Census crowdsource

I’ve seen a bunch of reports from the census saying that the proportion of Australians reporting “no religion” has increased substantially, to around 22 per cent. I’d be interested to know if this is mainly a cohort effect (non-believing younger generations entering the population) or the result of people who previously reported a religious affiliation switching to reporting none. I’d be surprised if much of it was the result of people abandoning previous religious beliefs, as opposed to nominal affiliations, but I don’t think the data allows a test of this.

I just had a brilliant idea for how to motivate this effort. The first person to give a good answer gets to nominate the next topic for crowdsourcing. As a hint, the ideal way to answer the question would be to compare responses from a given age group in 2006 with the same group, now 5 years older, in 2011, adjusting, if possible for migration effects.

Update: The evidence, collected in the comments threads, suggests that cohort and conversion effects each account for about half of the shift.

The prize goes to David Barry, with honorable mentions to Aldonius and Luke Elford. I’ll give Dave first shot at proposing a new topic (in comments), but also invite suggestions from Luke and Aldonius. Meanwhile, I’m going to suggest something a bit more challenging for crowd-sourcing. If anyone would like to use the data to develop a simple model to project likely changes in stated Census affilations over the next two decades, with a specific focus on the question “When will (Census reported) Christian affilation become a minority response in Australia”, I’ll add a write up and send it as a joint post to The Conversation, the new(ish) academic-focused website.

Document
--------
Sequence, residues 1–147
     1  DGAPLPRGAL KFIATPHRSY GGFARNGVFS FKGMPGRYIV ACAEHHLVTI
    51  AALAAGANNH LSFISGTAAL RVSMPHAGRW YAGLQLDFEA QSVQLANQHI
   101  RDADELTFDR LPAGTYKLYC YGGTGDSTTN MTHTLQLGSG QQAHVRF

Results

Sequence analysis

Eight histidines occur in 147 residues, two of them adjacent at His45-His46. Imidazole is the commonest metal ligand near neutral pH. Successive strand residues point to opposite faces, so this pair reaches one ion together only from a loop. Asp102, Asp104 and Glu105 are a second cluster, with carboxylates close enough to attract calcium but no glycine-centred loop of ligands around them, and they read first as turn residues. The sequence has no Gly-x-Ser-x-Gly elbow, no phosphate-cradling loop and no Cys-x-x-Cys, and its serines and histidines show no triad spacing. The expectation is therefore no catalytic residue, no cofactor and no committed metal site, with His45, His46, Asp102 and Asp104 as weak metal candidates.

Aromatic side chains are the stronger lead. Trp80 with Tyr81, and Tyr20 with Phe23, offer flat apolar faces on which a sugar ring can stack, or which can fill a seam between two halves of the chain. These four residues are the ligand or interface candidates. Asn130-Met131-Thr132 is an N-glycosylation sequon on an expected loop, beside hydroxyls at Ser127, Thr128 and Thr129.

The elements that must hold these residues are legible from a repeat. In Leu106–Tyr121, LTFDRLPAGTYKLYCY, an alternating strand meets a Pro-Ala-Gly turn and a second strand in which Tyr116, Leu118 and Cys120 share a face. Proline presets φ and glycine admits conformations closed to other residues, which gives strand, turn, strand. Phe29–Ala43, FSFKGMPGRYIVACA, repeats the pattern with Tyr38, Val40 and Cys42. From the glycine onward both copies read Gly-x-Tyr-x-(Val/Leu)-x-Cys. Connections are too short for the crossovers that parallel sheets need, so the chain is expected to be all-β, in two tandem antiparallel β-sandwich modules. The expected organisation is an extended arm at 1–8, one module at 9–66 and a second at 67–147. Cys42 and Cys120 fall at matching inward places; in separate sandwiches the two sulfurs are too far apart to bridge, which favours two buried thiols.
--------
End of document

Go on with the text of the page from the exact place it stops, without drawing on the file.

28 thoughts on “Census crowdsource

  1. My $0.02 goes with the cultural/allegiance drift hypothesis.

    Factors include: A decline in the perception of organised religion as a generally benign, or even mildly beneficial, force in society. The rise in aggressively political christian fundamentalism (‘Hillsong’, Exclusive Brethren, Family Fist etc..). The barely concealed religious dimension to our recent/current wars of choice.

    I get especially irked by the labelling of the resultant “no religion” portion of the population as “militant/aggressive atheists”.

  2. If the topics for crowdsourcing have to be related to the Census, then I’m happy to leave the next topic to Luke or Aldonius.

    If the topic can be on any subject, then I would be interested in seeing how much global research funding goes towards different diseases. My goal here is to see if research funding into a disease is roughly proportional to the global burden of the disease, or if there are relatively under- and over-funded areas; the former might then be the best place for individuals to donate to, if they want to support medical research.

    The global burdens are on the WHO’s website: http://www.who.int/healthinfo/global_burden_disease/estimates_regional/en/index.html I don’t know where I’d find funding statistics. As a first step, I’d be happy with just US/EU government agency funding data. For instance, the National Cancer Institute has a nice table here, http://www.cancer.gov/cancertopics/factsheet/NCI/research-funding

  3. Those possessing religious beliefs ought rightly to be far to ashamed to admit it.

    The question ought to be removed as the data are unlikely to be accurate and why humiliate those unfortunates so afflicted?

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